Why We Should Care

Why do we as a nation feel the need to donate our time, money and resources to those thousands of miles away?  The vast majority of living Americans will never meet those receiving the aid or even get any sort of short-term benefit from these actions.  I can’t count the number of times I’ve read or heard “national debt is going to be a burden on future generations” or how Bush’s/Obama’s policies are ruining the future.  The reason developed nations support those in need is because it will produces long-term benefits for all parties involved.


The first question many will ask is: why should we care about what happens thousands of miles away when we have so many problems at home?  The world is changing.  Global economies, communication systems and technology have greatly reduced the impact of geographic separation.  Not only do we know what happens across the globe, we can also meaningfully impact those situations.  We, as human beings, have an innate desire to preserve human life.  There are laws in almost every nation that punish murder and actions that unfairly affect other peoples’ lives.  Today, with this ability to render aid all over the world, we can sow the means to preserve life all over the world.   President Carter once said, “if you’re totally illiterate and living on one dollar a day, the benefits of globalization never come to you.”  Imagine if you lived in a place that had no power, no medicine and no roads; the global community is rising and we can’t simply forget about those that aren’t yet involved.


Some will inevitably scoff at the notion that America, already almost $17 trillion dollars in debt, will benefit from trillion dollar aid initiatives.  This couldn’t be further from the truth.  Take “Power Aid,” an initiative to increase access to power to sub-Saharan Africa that the United States has pledged $7 billion dollars to support.  Finally, after so many failed humanitarian missions, the global community is focusing on long-term solutions.  The initial goal is to provide power, but this program will eventually enable better medicine, communication, protection and industry.  These nations will become self-sustaining.  America aiding this cause will provide goodwill and strengthen global ties.  America has, deserved or not, an imperialist reputation in many parts of the world.  Helping, through assistance not force, will enable America to sway many of its detractors and create a stronger global community.  Need something more tangible?  This $7 billion dollar investment will greatly help our economy.  Maybe not today, but in the future.  So many are upset as what they see as a bleak future for American youths, and this is a great way to turn that around.   The Power Africa fact sheet states “Power Africa will build on Africa’s enormous power potential, including new discoveries of vast reserves of oil and gas, and the potential to develop clean geothermal, hydro, wind and solar energy.  It will help countries develop newly-discovered resources responsibly, build out power generation and transmission, and expand the reach of mini-grid and off-grid solutions” (Fact Sheet).  Lending a hand today could very well lead to shaking hands in partnership tomorrow.  Not only will Africa’s economy benefit the African people, it will also provide another trade partner.  Like Hillary Clinton said, “The growth of the developing world presents a major economic opportunity for American business today and a thousand opportunities tomorrow” (Porter).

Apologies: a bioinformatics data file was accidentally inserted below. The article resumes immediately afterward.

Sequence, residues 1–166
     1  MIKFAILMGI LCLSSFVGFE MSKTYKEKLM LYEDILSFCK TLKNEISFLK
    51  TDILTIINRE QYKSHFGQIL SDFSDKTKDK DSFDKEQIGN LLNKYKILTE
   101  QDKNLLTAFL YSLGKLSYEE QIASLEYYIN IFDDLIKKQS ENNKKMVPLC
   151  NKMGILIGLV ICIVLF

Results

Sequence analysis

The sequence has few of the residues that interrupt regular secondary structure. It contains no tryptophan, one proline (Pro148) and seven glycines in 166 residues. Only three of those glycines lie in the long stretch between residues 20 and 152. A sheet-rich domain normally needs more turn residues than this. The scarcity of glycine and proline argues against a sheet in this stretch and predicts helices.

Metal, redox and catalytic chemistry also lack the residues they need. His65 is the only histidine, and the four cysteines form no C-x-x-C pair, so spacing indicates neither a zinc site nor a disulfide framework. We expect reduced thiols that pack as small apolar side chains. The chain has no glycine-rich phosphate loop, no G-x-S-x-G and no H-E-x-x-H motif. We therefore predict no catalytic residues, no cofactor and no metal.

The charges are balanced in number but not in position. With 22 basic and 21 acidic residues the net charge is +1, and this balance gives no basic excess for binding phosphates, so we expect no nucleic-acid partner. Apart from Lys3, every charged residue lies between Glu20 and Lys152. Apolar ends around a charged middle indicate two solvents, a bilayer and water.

We cannot, and should not, ignore those in need just because it is inconvenient or because they are thousands of miles away.  Ensuring peace requires that we help others in good faith. Want to help future generations? Then support initiatives like “Power Aid” that truly have the future in mind.


FACT SHEET: Power Africa. White House Office of the Press Secretary. June 30, 2012. Web. June 3 2013.

Jimmy Carter. NobelPeaceLaureates.org. 2002. Web. July 3, 2013.

Polman, Linda. War Games: The Story of Aid and War in Modern times.  Viking Press. 2010. Print.

Porter, Charlene.  Foreign Aid Support US Economic Growth, Clinton Says. US Embassy. July 12, 2011. Web. July 3, 2013.

Lincoln, Blanche. Why US Foreign Aid Still Makes Sense. Politico. October 22, 2012. Web. July 3, 2013.

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